• Francine Cunningham

What I read in May 2015

This month I had a bit more time to read. I was also trying to catch up on work, funny how that can pile up when you you've been travelling a lot.


Twenty, Wicked by Gregory Maguire.

I am not familiar with the play. I, of course, am familiar with the Dorothy ruby red slipper version of the tale, oh and the Once Upon a Time TV version of the back story but other than that didn't really know what I was getting into. I really enjoyed this book. And it was dark. Way darker than I imagined it would be. And I felt very frustrated with Elphaba most of the time.

What I really enjoyed was how I could hear her voice change as she grew older. Sometimes when I read a book with character I follow through the entirety of their lives the voice can stay the same but of course that isn't real. How we speak, what we think that all changes as we age and become slightly different versions of our earlier self.


Also, the ending. I love that it's open because it's true,"Not yet."


Twenty One, Haunted by Chuck Palahnuik. 

When I read the back cover of this book I was intrigued. Writers in a survivor like desperate situation. Cool. Oh and there were a few blurbs. Horrifying. Wicked. Stomach churning. Ok, I can get behind that. I've read Palahnuik before. I'll be ok.


Twenty pages in and I've yelled, gagged and threw the book across the room.

But I kept reading. Why? I guess I just wanted to see how "haunted" this book could get. I also was really enjoying the structural elements of the book. If you don't know me, I love interesting structure in my writing. The base for a lot of my own short fiction is how can I use new structure. I've only ever written one short story that goes from point A-point B in a normal "this is how you write a story" structure. For me, when the structure of the piece subtly influences the overall theme of the story it gets me excited. I like the deeper meaning to stories, the stories within stories within stories that you have to read many times to figure out. The structure of having a large story and then a bunch of short stories and poems inside of it was pretty neato. I also liked the counter on the side of the pages.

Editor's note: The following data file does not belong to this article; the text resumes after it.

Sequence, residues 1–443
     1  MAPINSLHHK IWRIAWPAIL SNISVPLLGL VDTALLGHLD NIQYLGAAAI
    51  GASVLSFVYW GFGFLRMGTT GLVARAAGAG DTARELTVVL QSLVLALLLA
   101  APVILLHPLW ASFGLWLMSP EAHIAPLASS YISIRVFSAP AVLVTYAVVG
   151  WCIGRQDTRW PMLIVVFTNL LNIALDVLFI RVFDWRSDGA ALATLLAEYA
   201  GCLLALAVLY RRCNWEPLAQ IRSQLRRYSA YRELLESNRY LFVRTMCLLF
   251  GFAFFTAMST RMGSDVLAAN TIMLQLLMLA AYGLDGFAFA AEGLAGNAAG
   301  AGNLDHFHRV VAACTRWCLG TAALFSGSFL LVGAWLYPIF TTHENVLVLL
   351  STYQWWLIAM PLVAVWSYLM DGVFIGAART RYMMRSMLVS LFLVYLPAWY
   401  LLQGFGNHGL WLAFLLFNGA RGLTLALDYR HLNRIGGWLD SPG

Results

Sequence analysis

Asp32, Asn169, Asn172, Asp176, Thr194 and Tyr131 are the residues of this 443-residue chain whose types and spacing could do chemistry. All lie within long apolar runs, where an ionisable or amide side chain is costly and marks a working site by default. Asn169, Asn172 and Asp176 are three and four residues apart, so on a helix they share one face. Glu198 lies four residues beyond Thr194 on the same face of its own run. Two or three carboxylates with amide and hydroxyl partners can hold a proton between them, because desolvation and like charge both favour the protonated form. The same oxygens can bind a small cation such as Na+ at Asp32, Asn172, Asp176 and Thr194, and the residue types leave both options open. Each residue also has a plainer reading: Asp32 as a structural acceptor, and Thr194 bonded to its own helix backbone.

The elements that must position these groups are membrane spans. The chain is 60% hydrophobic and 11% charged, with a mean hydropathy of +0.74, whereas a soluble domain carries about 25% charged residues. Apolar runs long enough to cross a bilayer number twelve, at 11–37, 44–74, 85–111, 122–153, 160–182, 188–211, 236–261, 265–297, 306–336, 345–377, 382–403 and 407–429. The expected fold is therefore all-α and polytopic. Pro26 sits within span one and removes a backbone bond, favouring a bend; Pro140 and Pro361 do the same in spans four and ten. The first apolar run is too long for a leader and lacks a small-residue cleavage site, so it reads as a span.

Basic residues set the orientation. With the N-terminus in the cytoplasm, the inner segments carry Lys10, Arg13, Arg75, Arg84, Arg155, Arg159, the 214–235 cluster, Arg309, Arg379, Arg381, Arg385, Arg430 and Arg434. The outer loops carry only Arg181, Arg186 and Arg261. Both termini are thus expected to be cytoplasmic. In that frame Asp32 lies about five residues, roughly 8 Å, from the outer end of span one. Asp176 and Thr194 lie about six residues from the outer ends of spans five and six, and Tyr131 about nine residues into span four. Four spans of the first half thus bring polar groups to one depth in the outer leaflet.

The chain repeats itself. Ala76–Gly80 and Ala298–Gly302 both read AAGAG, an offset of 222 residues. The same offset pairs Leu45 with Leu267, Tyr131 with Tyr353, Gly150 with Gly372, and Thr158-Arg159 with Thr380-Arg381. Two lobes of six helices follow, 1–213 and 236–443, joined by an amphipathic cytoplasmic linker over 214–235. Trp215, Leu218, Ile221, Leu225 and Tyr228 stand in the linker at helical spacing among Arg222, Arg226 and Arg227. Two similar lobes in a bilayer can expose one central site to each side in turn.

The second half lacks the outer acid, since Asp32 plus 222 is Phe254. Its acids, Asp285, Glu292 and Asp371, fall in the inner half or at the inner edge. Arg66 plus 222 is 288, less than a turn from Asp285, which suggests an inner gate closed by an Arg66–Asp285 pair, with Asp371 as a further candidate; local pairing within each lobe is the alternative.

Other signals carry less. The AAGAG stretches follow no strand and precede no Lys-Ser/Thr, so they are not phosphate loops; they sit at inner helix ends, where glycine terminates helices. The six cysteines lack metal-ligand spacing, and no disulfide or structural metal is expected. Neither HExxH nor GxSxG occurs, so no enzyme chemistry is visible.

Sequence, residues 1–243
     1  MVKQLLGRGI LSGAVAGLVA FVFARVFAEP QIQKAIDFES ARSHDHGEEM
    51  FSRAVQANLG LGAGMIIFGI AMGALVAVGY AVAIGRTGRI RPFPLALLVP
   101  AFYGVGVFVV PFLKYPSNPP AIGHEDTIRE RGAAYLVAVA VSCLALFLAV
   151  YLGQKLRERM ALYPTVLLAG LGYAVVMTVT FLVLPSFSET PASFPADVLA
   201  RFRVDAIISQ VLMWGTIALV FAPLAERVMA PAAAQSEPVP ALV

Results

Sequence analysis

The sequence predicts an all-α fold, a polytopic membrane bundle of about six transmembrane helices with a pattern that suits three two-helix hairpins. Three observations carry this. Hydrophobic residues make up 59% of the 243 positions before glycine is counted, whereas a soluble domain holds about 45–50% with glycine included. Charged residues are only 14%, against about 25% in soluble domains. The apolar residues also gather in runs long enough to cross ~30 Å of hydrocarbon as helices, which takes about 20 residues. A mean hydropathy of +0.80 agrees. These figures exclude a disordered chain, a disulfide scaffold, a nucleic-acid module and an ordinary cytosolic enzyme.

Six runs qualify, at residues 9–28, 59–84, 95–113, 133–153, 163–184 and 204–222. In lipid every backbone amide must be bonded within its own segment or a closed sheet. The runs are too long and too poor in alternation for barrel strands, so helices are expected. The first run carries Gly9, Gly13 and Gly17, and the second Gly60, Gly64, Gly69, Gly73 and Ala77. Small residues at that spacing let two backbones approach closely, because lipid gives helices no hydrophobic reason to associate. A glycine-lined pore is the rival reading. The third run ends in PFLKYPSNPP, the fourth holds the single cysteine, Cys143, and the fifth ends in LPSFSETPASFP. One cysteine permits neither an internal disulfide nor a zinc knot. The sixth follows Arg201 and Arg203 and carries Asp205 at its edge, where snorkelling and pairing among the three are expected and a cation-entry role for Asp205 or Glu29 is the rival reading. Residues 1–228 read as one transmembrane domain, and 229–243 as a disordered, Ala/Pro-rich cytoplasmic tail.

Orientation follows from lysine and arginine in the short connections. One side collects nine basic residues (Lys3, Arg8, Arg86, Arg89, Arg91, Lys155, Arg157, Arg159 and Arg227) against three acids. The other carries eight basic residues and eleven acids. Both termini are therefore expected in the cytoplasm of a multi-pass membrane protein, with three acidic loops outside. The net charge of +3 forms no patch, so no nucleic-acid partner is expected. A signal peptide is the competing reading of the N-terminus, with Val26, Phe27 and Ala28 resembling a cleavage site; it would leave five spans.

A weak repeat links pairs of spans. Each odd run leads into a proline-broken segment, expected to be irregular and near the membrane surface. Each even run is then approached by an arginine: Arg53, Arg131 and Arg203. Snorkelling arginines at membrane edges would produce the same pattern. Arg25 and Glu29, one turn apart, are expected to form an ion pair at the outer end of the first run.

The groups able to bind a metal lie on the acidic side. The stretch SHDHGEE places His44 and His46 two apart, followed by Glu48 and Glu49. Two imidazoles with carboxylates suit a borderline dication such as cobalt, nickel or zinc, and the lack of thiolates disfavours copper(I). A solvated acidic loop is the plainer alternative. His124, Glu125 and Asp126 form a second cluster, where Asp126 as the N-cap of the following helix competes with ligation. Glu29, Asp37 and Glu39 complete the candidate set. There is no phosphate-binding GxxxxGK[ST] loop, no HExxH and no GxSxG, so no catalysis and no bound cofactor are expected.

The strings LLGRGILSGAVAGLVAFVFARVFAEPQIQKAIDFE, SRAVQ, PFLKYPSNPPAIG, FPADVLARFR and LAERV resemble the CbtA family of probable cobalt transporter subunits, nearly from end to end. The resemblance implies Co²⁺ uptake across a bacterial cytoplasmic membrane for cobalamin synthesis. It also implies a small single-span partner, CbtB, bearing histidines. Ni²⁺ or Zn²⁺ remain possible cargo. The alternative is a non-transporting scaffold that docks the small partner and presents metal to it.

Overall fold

This book was good and true to it's name, haunting. Will I ever read it again. I don't know.


Twenty Two, The Cat's Table by Michael Ondaatje.

"What is interesting and important happens mostly in secret, in places where there is no power. Nothing much of lasting value ever happens at the head table, held together by familiar rhetoric. Those who already have power continue to glide along the familiar rut they have made for themselves."

This book was the book that I kept on my kitchen table this month and read while I ate. I always keep different books in different places around my house and one in my purse. The memories that I have of these books always get tied to the places and activities I do while reading them. So this book for me was the kitchen table in the morning at eight o clock with strawberries, eggs and a pancake. The door open beside me letting in the morning air. The bright window in front of me, the ledge of which is lined with fresh herbs. I also for the first time listened to sections of this book through an audio book download from my library. Sitting outside at my backyard desk, painting and listen to this story was wondrous. More audio books shall be in my future I think.